Leading Brexiteer Richard Tice mocks ‘petrified’ Corbyn for refusal to back snap election

Richard Tice, who is a Brexit Party MEP for the east of England, appeared on BBC Newsnight on Wednesday. In a heated discussion, the Brexit Party Chairman rounded on Labour MP Anna McMorrin during the show.

He told her: “What we have got is a complete zombie parliament.

“We have a Labour party that is petrified of calling a vote of no-confidence.

“It is petrified of calling a general election.”

He added: “It is petrified of having a second referendum.

“It is petrified of everything. You are just a bit too comfortable on those green benches.”

He continued his attack on Labour by claiming that the country was “begging” for a general election.

He said: “We know it, we hear it because we talk to our constituents.

“We know that with a general election a Leave alliance could deliver a thumping majority and get a decent proper Brexit.”

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The Tories are on 35 percent, with Labour second on 25 percent, the Liberals third on 18 percent and the Brexit Party fourth on 11 percent.

One Labour backbencher told the Guardian they believed up to half the parliamentary party could rebel if Mr Corbyn decided to whip his MPs to support a motion seeking an election under the Fixed-term Parliaments Act (FTPA).

Another MP described the opposition to an election within Labour as “very strong and widespread”.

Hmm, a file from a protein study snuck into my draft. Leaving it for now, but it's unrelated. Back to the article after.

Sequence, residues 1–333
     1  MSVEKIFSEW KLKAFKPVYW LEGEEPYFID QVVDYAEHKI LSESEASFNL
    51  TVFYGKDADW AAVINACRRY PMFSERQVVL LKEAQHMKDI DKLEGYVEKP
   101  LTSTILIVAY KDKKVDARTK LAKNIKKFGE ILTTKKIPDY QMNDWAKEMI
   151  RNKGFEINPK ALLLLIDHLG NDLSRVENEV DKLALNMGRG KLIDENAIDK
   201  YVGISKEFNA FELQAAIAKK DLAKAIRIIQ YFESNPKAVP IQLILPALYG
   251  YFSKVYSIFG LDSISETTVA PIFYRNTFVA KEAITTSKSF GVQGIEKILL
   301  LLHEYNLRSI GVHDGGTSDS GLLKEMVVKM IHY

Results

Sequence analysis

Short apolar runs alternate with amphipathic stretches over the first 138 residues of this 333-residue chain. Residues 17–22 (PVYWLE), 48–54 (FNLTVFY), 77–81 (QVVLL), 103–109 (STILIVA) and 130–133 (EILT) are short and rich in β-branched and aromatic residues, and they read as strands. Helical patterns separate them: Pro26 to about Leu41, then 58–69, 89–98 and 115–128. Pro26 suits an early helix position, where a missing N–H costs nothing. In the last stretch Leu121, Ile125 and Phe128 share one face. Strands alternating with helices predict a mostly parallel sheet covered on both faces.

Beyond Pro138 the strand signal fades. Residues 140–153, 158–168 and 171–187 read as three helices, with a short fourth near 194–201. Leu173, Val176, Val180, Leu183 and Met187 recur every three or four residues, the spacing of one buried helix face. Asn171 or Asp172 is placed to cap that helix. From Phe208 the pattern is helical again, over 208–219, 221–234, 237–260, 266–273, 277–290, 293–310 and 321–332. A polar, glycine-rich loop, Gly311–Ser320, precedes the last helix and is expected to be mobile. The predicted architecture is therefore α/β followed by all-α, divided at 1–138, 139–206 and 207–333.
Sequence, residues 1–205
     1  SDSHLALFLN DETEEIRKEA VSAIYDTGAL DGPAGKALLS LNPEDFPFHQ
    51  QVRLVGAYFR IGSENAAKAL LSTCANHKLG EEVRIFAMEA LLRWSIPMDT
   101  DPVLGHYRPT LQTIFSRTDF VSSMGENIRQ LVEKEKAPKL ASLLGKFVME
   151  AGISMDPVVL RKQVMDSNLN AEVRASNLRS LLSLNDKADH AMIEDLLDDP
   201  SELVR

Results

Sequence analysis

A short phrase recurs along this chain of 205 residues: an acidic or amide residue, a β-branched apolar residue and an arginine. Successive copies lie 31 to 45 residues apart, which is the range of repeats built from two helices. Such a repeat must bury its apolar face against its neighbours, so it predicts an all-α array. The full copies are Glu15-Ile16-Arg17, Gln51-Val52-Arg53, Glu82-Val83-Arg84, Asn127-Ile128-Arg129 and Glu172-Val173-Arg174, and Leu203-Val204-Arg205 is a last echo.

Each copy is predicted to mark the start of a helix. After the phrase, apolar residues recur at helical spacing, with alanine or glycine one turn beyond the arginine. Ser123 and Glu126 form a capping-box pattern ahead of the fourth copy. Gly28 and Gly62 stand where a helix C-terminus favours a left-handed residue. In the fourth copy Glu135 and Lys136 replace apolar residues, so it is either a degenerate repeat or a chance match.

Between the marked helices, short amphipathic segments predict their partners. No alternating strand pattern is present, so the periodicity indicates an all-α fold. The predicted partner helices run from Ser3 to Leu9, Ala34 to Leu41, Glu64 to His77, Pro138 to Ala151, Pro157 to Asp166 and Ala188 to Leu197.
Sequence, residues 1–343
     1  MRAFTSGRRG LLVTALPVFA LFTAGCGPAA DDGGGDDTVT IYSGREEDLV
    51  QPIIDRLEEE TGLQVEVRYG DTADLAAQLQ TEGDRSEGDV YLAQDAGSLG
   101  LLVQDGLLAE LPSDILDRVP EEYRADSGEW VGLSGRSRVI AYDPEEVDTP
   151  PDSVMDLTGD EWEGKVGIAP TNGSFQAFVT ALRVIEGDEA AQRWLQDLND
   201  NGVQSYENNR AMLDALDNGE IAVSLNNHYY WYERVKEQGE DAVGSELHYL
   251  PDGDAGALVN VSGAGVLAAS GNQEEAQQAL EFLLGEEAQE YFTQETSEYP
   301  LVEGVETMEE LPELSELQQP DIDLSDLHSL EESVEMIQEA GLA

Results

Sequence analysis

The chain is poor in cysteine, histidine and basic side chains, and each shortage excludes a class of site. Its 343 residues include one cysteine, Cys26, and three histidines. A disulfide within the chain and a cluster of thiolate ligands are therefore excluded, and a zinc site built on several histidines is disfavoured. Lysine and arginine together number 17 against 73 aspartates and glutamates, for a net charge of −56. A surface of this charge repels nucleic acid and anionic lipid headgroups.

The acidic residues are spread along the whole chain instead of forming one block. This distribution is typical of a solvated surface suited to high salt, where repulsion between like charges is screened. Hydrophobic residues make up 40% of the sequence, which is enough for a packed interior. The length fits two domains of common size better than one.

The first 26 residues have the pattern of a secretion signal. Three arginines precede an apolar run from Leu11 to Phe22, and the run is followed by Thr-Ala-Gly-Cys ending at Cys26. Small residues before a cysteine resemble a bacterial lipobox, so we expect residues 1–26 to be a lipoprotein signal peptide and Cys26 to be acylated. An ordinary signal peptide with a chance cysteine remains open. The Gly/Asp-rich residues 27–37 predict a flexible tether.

A party source added: “It’s fair to say there’s not a great appetite for an election in December.”

Tory MPs are also increasingly divided over whether to hold a general election before Brexit is delivered.

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A growing number of senior ministers are trying to resist calls for a snap election.

They are insisting that Brexit must be delivered first to ensure a Tory victory at the next election.

The ministers fear that Brexit Party leader Nigel Farage will be able to exploit the Prime Minister’s “do or die” promise to take the UK out of the EU without further delay to inflict serious damage to the Tory vote.

According to a Tory backbencher, the party was split down the middle on whether to back an election.

He said: “There’s a big, big fight going on, basically. The parliamentary party is split 50/50. Personally, I don’t think an election is a very good idea.”



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